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Foreign Direct Investment, Competition and Perception in Zambia

Akademische Arbeit 2019 17 Seiten

VWL - Internationale Wirtschaftsbeziehungen

Leseprobe

Table of Contents

1. Introduction

2. Objectives

3. Statement of the Problem

4. Methodology

5. Data Sources
5.1 Survey Approach
5.2 Deductive Approach

6. Analysis

7. Findings

8. Conclusion

9. Recommendations

References

Abstract

This paper analyses the effects of Foreign Direct Investment (FDI) in Zambia. It focuses on two main areas of FDI: This first area looks at the competition effect of Foreign Direct Investment FDI to domestic businesses in the host country, Zambia. The second area looks at how people in general perceive Foreign Direct Investment FDI in Zambia. In order to understand the competition effect of FDI in Zambia, this research study conducted a survey on local business houses to get an understanding of how FDI with respect to foreign businesses has created competition to the detriment of local businesses.

In addition, this research study conducted interviews with various people in Zambia to get their perception of FDI with respect to foreign businesses established in Zambia. The research found that people’s perceptions over FDI were more negative than positive.

This research study found that Foreign Direct Investment FDI had both positives and negatives externalities in Zambia. On positive externalities, FDI was found to have helped create employment for local people, facilitated the transfer of technology and innovation as FDI spill-overs to the host country.

However, on negative externalities, the research found that FDI had brought more competition to local businesses in the host country, throwing many out of business. In addition, some local businesses found it difficult to compete due to unfairness created by foreign governments that intervened and supported businesses that came from their countries.

Keywords: foreign direct investment, perception, gross domestic product GDP, competition, spillovers, positive and externalities.

1. Introduction

Zambia has been one of the beneficiaries of Foreign Direct Investments FDI for over 30 years. Since its independence in 1964, the country has been attracting Foreign Direct Investment FDI from different developed countries. In 1990, Zambia’s FDI was estimated at US$ 2.655 billion and later in 2017, FDI grew to US$ 16.973 billion indicating an increase of FDI above 500 percent. According to Zambia Development Agency (2015) the country earned US $ 350 million in 2004, US$ 939 million in 2008, US$ 1.1 billion in 2011 and US$ 2.2 billion in 2014.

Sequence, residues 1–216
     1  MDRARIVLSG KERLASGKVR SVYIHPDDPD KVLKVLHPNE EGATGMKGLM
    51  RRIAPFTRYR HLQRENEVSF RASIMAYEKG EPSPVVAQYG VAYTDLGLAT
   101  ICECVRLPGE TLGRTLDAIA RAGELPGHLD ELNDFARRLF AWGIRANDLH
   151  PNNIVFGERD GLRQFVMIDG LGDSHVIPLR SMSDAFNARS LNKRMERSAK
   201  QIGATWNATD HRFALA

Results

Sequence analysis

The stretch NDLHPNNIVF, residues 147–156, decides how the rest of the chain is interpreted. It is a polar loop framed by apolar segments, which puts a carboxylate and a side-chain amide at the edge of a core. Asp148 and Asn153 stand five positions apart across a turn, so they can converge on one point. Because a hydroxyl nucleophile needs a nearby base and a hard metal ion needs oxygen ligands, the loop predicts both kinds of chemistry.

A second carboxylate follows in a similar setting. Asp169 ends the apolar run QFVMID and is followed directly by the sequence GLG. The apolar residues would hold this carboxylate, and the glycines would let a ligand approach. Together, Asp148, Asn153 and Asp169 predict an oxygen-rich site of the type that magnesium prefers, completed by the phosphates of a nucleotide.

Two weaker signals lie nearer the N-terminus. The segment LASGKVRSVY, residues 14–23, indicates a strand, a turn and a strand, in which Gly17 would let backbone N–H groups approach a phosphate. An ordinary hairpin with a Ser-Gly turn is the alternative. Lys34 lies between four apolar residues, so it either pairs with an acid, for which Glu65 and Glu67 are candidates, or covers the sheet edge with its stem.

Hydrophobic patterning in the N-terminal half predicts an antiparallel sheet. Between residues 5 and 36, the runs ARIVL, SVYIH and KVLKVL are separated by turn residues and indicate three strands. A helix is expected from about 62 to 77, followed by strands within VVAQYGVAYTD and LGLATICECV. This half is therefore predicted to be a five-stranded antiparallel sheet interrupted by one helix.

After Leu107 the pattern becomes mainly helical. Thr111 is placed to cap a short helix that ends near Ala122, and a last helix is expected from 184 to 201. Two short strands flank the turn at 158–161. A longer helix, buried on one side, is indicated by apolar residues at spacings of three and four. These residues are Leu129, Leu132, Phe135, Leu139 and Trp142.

Much of FDI to Zambia has been from influential and industrialised nations which mainly include United States, United Kingdom, Canada, South Africa, Switzerland and China. ZDA (2015) notes that FDI inflows were dominated by United Kingdom at US $457.3 million followed by Switzerland at US $210.5 million, Nigeria at US $34.0 million, India at US $14.0 million, China at US $11.8 million and Netherlands at US $4.7 million.

In recent years, the country has attracted FDI in many sectors including mining, manufacturing, finance, tourism, agriculture, construction and many other sectors.

Today, FDI in Zambia has been centred more in sectors like mining, construction and business development. Dominant developed countries of FDI to Zambia in many sectors are the US and China. There are two main broad areas of FDI from these countries in Zambia: These are Chinese Government State Owned Enterprises and private Foreign Direct Investment from Western countries mainly the US.

Historically, FDI from Western countries came to Zambia early. Much of FDI was from privately owned corporations that mainly focused on profits. Contrary, Chinese FDI in Zambia has been marked with aid, which is mostly in infrastructure development. This kind of FDI has seen a number of projects in Zambia including the construction of stadia, rehabilitation of roads, and construction of Chinese companies that are supported by Chinese government. Chinese and US FDI have undoubtedly encouraged financial inflows in Zambia, improved capacity utilization, increased outputs and generated employment opportunities.

In addition, South Africa has invested hugely in Zambia and its investment includes property development and international investment funds resulting in the construction of foreign firms and business houses.

Must of FDI has seen the development of foreign businesses in Zambia such as the construction of modern shopping malls in Zambia. These businesses developed by foreign investors from South African are mainly filled with retail stock of South African products, fast food chains and boutiques stocked with various luxury goods.

All these different kinds of FDI’s have benefited Zambia. FDI has contributed to Zambia’s Gross Domestic Product GDP for a number of years. This confirms studies that have found FDI benefiting host nations. A study conducted by Sakyi, Commodore, and Opoku (2015) found that an increase in FDI inflows triggers positive GDP grow in the long-run, an empirical investigation from Ghana during the period 1997-2011.

Goran (2013) observed that FDI inflows are often associated with additional beneficial effects, such as increased employment, enhanced management skills, new technologies and higher wages. These effects are especially important in the context of economic development and represent a reason why countries, trying to promote economic growth and increase welfare, engage in competition for FDI.